All chemicals and solvents were purchased from Sigma-Aldrich unless otherwise stated. Restriction endonucleases and DNA-modifying enzymes were purchased from New England Biolabs and used according to instructions of the manufacturer. DNA plasmid isolation was performed using GeneJET Plasmid Miniprep Kit (Thermo Scientific). DNA extraction from agarose gel was carried out using the GeneJET Gel Extraction Kit (Thermo Scientific). DNA sequencing was carried out by Eurofins SAS (Ebersberg, Germany).
Construction of Sensing Modules
The upstream regions (including variable strength constitutive promoters and ribosome binding sites) were introduced into the forward primer that together with the reverse primer CF154 served to amplify the wild-type yqhC gene from genomic DNA of E. coli K-12 substr. MG1655 (ATCC 47076). Additionally, the primers used allowed the insertion of unique restriction sites upstream and downstream of the amplified fragments. Resulting PCR products and the low-copy vector backbone pZS23 (Expressys, Germany) were digested with XhoI and BamHI restriction enzymes, gel purified and ligated with T4 DNA ligase. The resulting plasmids were transformed into DH5α competent E. coli cells (New England Biolabs) and inserts verified by DNA sequencing.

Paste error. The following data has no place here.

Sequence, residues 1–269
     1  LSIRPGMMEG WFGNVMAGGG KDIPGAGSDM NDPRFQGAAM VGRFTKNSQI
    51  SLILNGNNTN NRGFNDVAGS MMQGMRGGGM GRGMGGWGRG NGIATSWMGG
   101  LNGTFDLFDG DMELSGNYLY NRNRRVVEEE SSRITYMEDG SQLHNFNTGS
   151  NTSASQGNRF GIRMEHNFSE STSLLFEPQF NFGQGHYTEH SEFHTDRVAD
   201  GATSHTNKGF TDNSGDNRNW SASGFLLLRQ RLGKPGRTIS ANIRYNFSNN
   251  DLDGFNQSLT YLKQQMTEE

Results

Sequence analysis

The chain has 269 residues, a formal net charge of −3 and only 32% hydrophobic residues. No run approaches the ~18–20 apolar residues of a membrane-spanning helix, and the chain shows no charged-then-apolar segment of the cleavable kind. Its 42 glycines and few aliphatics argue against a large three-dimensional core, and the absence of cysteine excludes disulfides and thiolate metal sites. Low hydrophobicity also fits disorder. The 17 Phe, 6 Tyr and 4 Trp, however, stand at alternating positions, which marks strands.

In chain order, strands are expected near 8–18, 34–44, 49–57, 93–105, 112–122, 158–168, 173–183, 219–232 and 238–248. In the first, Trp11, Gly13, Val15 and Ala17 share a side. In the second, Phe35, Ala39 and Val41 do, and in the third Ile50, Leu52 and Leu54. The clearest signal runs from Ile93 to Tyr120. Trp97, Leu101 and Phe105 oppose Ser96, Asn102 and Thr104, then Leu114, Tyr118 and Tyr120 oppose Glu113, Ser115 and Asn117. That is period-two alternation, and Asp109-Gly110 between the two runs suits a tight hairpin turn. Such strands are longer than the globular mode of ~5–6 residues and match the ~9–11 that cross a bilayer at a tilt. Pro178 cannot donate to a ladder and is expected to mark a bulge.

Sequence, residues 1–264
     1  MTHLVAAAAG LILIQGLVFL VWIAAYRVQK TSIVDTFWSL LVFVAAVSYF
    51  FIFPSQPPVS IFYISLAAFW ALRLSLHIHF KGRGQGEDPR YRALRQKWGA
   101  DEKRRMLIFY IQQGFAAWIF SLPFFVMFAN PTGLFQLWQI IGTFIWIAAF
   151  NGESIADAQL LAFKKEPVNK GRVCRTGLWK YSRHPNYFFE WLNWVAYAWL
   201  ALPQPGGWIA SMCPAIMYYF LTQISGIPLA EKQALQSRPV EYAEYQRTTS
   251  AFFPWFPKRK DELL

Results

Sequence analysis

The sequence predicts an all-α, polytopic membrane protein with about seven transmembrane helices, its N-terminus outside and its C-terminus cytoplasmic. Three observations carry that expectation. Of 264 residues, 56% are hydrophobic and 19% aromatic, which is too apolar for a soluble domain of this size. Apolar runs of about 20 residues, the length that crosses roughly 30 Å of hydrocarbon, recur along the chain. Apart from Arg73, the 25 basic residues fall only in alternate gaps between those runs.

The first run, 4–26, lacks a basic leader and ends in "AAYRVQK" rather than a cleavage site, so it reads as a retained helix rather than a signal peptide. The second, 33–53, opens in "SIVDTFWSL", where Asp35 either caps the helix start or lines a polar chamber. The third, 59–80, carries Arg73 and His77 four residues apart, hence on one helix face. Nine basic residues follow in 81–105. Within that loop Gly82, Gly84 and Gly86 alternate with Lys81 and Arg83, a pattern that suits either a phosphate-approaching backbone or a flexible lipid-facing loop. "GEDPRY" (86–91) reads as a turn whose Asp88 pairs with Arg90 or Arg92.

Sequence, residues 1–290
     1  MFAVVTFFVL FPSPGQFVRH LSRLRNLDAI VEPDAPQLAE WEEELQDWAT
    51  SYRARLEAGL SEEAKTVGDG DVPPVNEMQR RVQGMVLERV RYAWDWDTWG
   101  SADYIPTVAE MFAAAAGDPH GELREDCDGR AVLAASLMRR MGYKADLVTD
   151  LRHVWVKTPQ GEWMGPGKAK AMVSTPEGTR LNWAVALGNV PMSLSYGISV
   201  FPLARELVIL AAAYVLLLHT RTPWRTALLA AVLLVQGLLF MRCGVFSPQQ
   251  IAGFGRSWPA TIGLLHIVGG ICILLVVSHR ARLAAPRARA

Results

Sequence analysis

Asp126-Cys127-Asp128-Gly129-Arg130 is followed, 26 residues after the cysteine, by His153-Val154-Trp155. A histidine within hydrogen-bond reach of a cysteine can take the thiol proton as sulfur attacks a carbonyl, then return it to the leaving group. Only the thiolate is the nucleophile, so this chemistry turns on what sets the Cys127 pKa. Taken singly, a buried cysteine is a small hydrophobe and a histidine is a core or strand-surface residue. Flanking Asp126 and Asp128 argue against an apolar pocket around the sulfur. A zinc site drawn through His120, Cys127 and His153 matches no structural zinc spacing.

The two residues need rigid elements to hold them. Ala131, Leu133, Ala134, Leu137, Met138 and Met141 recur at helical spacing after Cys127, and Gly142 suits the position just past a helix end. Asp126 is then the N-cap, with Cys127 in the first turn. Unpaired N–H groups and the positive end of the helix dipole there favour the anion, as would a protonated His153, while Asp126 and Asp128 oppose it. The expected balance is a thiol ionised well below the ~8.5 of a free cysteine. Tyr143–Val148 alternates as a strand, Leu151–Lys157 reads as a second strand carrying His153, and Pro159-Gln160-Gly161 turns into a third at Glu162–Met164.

Construction of Reporter Modules